alexa Fast-Tracking of the HIV Response: Do the Metros Lead t
ISSN 2155-6113

Journal of AIDS & Clinical Research
Open Access

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Research Article

Fast-Tracking of the HIV Response: Do the Metros Lead the Way to Reaching 90-90-90 in South Africa?

Nicole Fraser-Hurt1*, William MacLeod2,3, Tendesayi Kufa-Chakezha4, Mokgadi Phokojoe5, Sergio Carmona6, Adrian Puren4, Zara Shubber1, Paolo Belli1, Melusi Ndhlalambi1 and Marelize Gorgens1

1The World Bank, Washington DC, USA

2Department of Global Health, Boston University School of Public Health, Boston, USA

3 Health Economics and Epidemiology Research Office (HE2RO), Department of Internal Medicine, School of Clinical Medicine, Faculty of Health Sciences, University of the Witwatersrand, Johannesburg, South Africa

4National Institute for Communicable Diseases (NICD), Johannesburg, South Africa

5National Department of Health, Pretoria, South Africa

6National Health Laboratory Service, Johannesburg, South Africa

*Corresponding Author:
Nicole Fraser-Hurt
The World Bank, 1818 H Street
NW, Washington, DC 20433, USA
Tel: +44 1732773844
E-mail: [email protected]

Received date: November 28, 2016; Accepted date: December 07, 2016; Published date: December 14, 2016

Citation: Fraser-Hurt N, MacLeod W, Kufa-Chakezha T, Phokojoe M, Carmona S, et al. (2016) Fast-Tracking of the HIV Response: Do the Metros Lead the Way to Reaching 90-90-90 in South Africa? J AIDS Clin Res 7:642. doi: 10.4172/2155-6113.1000642

Copyright: © 2016 Fraser-Hurt N, et al. This is an open-access article distributed under the terms of the Creative Commons Attribution License, which permits unrestricted use, distribution, and reproduction in any medium, provided the original author and source are credited.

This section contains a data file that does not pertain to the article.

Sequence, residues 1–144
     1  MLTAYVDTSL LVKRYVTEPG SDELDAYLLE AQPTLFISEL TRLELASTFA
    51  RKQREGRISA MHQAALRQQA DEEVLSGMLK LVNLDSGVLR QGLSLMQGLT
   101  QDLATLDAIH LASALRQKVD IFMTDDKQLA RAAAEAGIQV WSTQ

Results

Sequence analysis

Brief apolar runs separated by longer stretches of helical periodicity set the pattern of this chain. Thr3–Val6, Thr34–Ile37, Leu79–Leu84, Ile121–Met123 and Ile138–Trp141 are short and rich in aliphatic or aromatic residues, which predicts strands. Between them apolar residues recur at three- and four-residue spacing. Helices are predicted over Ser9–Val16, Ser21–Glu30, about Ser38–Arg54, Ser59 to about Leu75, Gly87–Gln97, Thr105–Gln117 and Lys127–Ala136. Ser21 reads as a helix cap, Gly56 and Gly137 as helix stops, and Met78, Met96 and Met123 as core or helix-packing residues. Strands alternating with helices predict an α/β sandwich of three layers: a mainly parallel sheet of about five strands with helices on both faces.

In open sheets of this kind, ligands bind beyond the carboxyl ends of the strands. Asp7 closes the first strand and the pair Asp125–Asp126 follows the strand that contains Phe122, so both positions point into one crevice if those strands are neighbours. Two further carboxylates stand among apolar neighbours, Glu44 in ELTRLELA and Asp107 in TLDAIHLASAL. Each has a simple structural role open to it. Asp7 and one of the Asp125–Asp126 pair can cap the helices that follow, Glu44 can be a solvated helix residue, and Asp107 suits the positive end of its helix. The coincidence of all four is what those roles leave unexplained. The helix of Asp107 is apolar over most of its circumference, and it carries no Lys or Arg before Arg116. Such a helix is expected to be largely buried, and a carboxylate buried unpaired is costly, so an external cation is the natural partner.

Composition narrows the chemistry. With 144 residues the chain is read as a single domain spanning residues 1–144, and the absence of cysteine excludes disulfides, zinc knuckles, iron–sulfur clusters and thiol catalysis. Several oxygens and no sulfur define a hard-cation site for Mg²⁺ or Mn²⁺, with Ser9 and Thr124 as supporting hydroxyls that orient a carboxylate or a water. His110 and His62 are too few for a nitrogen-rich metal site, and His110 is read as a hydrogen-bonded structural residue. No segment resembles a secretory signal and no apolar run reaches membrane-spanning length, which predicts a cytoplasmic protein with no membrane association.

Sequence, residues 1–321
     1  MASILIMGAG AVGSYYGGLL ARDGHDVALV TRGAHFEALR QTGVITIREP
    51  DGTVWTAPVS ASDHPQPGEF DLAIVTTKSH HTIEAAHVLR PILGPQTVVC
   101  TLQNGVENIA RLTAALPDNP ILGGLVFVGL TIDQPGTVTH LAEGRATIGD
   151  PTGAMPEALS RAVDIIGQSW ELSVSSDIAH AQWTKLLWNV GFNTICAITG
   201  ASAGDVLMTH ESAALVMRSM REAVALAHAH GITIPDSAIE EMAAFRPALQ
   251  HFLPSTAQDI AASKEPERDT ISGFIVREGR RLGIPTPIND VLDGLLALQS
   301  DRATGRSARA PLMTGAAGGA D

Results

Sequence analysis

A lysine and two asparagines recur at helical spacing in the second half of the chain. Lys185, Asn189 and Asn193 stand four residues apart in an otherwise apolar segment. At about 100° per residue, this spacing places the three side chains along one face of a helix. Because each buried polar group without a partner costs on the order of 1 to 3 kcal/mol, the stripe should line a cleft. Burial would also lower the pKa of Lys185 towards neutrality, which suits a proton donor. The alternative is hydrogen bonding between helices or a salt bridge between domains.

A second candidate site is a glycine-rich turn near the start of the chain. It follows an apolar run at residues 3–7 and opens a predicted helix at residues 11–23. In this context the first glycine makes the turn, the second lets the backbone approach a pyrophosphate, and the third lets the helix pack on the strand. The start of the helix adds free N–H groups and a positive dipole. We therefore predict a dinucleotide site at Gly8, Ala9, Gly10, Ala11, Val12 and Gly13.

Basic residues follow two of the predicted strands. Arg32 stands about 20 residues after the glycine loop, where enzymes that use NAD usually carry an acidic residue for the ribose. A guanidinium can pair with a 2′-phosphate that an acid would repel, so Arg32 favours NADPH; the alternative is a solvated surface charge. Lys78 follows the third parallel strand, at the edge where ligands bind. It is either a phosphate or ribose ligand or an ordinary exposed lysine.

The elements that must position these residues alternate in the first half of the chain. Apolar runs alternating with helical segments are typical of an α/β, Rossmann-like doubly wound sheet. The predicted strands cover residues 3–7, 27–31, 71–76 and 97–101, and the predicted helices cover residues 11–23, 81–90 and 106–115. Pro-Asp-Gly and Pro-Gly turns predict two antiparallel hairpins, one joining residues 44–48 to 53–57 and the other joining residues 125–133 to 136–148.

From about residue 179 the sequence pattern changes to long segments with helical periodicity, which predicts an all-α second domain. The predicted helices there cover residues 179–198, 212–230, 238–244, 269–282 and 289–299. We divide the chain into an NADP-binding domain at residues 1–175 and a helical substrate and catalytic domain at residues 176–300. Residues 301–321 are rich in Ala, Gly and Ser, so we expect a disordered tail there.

Objective: This secondary data analysis determined how far the eight South African metropolitan municipalities have progressed in the expansion of HIV treatment. The framework of HIV care cascades (HCC) was used. Methods: We collated data sources to understand the HCC in metro and non-metro populations including demographic, HIV prevalence and laboratory data (2014-2015) that we linked to unique individuals using a probabilistic matching algorithm. We defined the HCC using: number of persons living with HIV (PLHIV); total remaining on ART; numbers with a CD4 count and viral load (VL) test results in the past year and the number of suppressed VL tests. Results: 37% of South Africa’s PLHIV live in metros. Progress along the HCC for metro and non-metro populations was 53% of PLHIV in care and 45% on ART for both populations and 27% of metro/26% of non-metro populations virally suppressed. Achievement varied widely by metro, 35%-63% of PLHIV were on ART, 21%-48% of ART clients were virally suppressed. The largest treatment gap was in Ekurhuleni metro. The metros spend approximately US$383 million per year on ART. Annual VL testing of all ART clients in the eight metros would amount to approximately US$ 42 million or 11% of ART programme cost. Conclusion: South Africa sees rapid growth of its urban centres which are chiefly affected by HIV. There are currently large gaps in the metro’s 90-90-90 level of achievements. The District Implementation Plans offer a mechanism to focus investment on ART scale-up. Supporting factors are the existing expertise, service integration and infrastructure for largescale ART, the close network of service delivery sites and service delivery solutions. Ensuring scale and quality of the HIV treatment programmes is vital for the metros’ economic prosperity - and for South Africa as a whole.


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